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Govt presents way forward for post-flood recovery

The Lao Recovery Consultation meeting yesterday brought together government agencies and development partners to discuss the way forward and build on the findings of the Post-Disaster Needs Assessment (PDNA) conducted in 2018.
Last year, Laos suffered its worst floods in a decade which affected more than 600,000 people in all 17 provinces and Vientiane.

Heavy rain during Tropical Storm Son-Tinh and the collapse of a dam at the Xe-Pian Xe-Namnoy hydropower plant in Attapeu province led to an unprecedented flash flood downstream. 
The floods destroyed around 1,700 houses, while severely disrupting education and health services across the country. 
Speaking at the opening of the meeting, Minister of Labour and Social Welfare and Chairman of the National Disaster Prevention and Control Committee, Dr Khampheng Saysompheng, said Laos, alongside the United Nations and the World Bank, together with other development partners and civil society, had been working to restore livelihoods and strengthen resilience.
The ministry has been supported in its efforts by line ministries, the United Nations, the World Bank, and the European Union, which facilitated the Post-Disaster Needs Assessment.
A summary of the assessment’s findings was shared with development partners at the Round Table Meeting pre-consultation event in November 2018 and the Round Table Meeting in December 2018.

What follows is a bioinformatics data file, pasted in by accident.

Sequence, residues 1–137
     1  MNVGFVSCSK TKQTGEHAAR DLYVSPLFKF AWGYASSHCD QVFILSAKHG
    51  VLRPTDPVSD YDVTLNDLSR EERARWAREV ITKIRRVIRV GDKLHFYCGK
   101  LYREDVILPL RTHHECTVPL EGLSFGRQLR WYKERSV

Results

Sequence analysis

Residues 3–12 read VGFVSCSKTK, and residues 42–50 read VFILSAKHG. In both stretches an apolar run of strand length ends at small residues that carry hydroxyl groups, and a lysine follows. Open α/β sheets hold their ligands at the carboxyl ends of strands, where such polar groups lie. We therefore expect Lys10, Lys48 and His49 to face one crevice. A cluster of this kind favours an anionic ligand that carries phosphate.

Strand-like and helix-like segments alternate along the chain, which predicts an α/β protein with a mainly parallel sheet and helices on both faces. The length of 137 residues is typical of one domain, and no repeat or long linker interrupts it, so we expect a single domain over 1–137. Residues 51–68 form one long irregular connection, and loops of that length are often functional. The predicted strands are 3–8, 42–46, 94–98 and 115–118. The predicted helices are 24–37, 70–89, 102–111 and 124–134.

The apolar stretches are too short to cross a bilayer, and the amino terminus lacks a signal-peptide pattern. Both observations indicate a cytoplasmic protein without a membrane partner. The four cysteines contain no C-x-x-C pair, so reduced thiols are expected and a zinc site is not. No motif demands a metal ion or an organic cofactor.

Also speaking at the meeting, UN Resident Coordinator to Laos, Ms Kaarina Immonen, said the PDNA report estimated the total damages and losses at 3,167 billion kip (about US$372 million), equivalent to 2.1 percent of the country’s projected 2018 GDP.
The recovery needs were estimated at 4,423 billion kip (about US$520 million), she added.
The assessment identified priority sectors including transport and agricultural waterways, along with the critical needs in each sector. Its findings are essential to helping Laos obtain urgent funding from domestic and external sources.
"The findings help us - government and development partners - to prioritise activities and funding as we move forward,” she said. 
The UN put forward a Disaster Response Plan towards which US$10 million has been mobilised, with additional funding committed by partners towards the recovery. Emergency shelters have been constructed for people who lost their houses.
The government has re-established basic services, provided food to affected communities, and conducted urgent emergency repairs in the roads sector, using the National Road Maintenance Fund.
To provide immediate support to the roads sector, the World Bank has restructured the ongoing Lao Road Sector Project ll to provide US$4 million to priority areas.
The Ministry of Labour and Social Welfare is coordinating recovery planning under the overall leadership of the National Disaster Prevention and Control Committee, with the goal of restoring and improving access to basic social services and employment opportunities and improving resilience to floods and other natural hazards.
Strategic principles for recovery planning include the rapid   rebuilding of people’s livelihoods and the revitalisation of the local economy, focusing on the most vulnerable and socially disadvantaged groups; securing of development gains; coordinated and coherent approaches to recovery; and building back better.

By Phetphoxay Sengpaseuth
(Latest Update April 9, 2019)

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